The fate of Orion is still up in the air, with the latest plan from the Obama Administration calling for Orion technologies to be used only to build a crew rescue module for the International Space Station. That version of Orion would be launched with no one aboard so the launch abort system would not be needed. However, NASA Associate Administrator for Exploration Doug Cooke was quoted in the press release as saying that the test will contribute to NASA's goal of making human spaceflight as safe as possible.
J. Walter ("Walt") Faulconer, the Applied Physics Laboratory's (APL's) business area executive for civilian space, is leaving May 14 to start a consulting business, Strategic Space Solutions, with his wife, Cindy. After 26 years at Lockheed Martin, Mr. Faulconer joined APL five years ago to take charge of APL's work for NASA and NOAA. He successfully led APL's civil space business through somewhat tumultuous times. Today, the civil space business area has a host of missions on the books, including Solar Probe Plus. The Faulconers' new company will focus on effective strategic planning, business development, systems engineering and management.
Following a Flight Readiness Review today, NASA set May 14 as the launch date for the next shuttle mission, STS-132. Space Shuttle Atlantis is scheduled to launch at 2:20 pm EDT on a 12-day flight to the International Space Station to deliver the Russian Mini Research Module-1 and other equipment and supplies.
Only two more missions remain on the shuttle manifest after this flight: STS-133 scheduled for September and STS-134 now expected in November carrying the Alpha Magnetic Spectrometer (AMS). That flight date is very tentative depending on progress in changing the magnet on the AMS.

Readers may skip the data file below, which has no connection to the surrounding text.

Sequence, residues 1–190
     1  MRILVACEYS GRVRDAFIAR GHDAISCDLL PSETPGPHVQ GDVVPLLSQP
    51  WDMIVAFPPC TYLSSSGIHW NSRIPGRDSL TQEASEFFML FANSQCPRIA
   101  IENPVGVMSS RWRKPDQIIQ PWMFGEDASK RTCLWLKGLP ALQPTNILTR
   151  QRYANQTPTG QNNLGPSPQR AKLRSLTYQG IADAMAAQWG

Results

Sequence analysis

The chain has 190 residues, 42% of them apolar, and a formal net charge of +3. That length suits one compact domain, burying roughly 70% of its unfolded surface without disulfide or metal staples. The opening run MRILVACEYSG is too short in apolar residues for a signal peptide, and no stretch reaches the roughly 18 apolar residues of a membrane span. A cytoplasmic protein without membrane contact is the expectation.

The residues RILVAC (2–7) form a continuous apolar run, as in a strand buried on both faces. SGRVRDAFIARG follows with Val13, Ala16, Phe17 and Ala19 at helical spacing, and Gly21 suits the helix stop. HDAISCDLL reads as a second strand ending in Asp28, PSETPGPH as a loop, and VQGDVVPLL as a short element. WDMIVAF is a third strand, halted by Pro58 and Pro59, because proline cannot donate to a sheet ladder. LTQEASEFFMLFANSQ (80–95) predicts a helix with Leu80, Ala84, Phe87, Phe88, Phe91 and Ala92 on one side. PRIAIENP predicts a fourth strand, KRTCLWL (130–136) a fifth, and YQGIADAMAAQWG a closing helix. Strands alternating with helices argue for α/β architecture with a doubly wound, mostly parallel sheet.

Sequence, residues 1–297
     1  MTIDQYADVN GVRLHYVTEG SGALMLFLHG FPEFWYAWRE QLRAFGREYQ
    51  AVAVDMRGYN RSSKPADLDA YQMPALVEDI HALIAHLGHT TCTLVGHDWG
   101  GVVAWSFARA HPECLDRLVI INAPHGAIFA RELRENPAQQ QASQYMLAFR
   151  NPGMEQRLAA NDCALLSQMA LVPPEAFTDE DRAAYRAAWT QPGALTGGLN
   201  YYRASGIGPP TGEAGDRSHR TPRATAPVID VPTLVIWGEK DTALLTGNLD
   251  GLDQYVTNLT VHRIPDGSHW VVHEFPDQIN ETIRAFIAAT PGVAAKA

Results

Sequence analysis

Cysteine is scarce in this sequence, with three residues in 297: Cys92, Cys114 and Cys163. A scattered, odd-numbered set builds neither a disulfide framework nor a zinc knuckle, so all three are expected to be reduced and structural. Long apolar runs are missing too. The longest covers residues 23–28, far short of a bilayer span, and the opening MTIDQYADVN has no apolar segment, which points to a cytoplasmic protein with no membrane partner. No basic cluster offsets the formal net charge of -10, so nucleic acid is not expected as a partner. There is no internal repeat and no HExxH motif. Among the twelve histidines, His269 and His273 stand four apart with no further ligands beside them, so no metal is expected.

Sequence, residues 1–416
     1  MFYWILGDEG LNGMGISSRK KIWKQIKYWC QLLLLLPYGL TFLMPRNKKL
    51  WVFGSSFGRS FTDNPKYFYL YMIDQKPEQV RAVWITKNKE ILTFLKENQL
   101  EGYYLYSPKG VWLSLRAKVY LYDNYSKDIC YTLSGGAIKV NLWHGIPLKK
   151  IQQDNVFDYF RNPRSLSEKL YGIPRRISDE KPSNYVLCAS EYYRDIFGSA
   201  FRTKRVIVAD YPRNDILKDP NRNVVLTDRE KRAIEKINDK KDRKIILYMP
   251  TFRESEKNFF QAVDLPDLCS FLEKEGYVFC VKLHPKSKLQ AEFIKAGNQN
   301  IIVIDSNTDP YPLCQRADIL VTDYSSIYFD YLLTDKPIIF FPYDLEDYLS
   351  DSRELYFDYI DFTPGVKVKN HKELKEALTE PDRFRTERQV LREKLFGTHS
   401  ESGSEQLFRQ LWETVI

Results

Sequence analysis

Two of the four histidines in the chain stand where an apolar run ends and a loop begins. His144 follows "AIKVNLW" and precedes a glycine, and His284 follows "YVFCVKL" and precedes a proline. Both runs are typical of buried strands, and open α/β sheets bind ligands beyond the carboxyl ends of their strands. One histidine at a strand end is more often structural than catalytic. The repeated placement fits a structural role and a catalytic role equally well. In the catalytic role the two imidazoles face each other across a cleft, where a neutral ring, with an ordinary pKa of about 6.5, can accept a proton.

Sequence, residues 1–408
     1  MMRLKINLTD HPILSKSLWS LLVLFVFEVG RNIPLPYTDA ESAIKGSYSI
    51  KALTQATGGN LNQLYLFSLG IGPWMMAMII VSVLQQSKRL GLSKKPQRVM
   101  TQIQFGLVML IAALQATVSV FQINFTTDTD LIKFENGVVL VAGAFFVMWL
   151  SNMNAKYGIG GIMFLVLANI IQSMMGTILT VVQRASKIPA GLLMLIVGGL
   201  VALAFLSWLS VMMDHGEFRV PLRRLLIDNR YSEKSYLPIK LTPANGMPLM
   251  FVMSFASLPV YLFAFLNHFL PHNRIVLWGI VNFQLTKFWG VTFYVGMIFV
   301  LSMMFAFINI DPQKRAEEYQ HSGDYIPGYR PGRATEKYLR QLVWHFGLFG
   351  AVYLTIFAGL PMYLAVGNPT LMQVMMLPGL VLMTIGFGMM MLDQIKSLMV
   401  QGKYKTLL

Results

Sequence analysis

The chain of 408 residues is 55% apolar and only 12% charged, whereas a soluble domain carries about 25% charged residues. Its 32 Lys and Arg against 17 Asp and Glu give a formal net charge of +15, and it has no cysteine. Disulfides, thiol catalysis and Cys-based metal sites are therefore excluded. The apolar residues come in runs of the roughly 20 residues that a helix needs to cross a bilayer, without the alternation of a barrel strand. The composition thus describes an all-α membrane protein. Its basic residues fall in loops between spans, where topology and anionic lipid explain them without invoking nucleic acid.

Rep. Gabrielle Giffords (D-AZ), chair of the House Science and Technology Committee's Space and Aeronautics Subcommittee, believes that there is a "third way" to resolve the dispute between the President's plan for human space flight and the current program. In an op-ed for The Hill, a newspaper focused on happenings on Capitol Hill, Rep. Giffords continued her opposition to the Obama plan, but signaled that she is searching for a compromise not just retaining the Constellation program intact.
Saying that the modified proposal set forth in the President's April 15 speech "seems unworkable within the budget without crippling NASA's other missions," she concludes that "We cannot continue to argue between the president's plan and the status quo. There must be a third way."
The National Research Council's (NRC's) Space Studies Board (SSB) is planning a two-and-a-half day workshop in November to look at how NASA addresses the "grand philosophical questions people care about." Writing in the most recent edition of the SSB newsletter, SSB chair Charlie Kennel invites all who are interested to come to the workshop at the NRC's Beckman Center in Irvine, CA on November 8-10, 2010.
"Originally, we thought we would look at how effectively NASA is using both old and new media in getting its story across to the general public. As time passed, we came to realize that NASA's most convincing story is how its accomplishments speak to the grand philosophical questions people care about: .... We will look back 50 years and look ahead 50 years. We will invite prominent space scientists to take a broad look at these questions. We will invite panels of media professionals to tell us how they would express the same questions and answers. We will allow plenty of time for dialogue with the audience."
Dr. Kennel was a member of the Augustine Committee on the future of the human space flight program and also spoke to the current controversy in Congress over the President's proposed new path for NASA that stemmed, in part, from that committee's report.
Events of Interest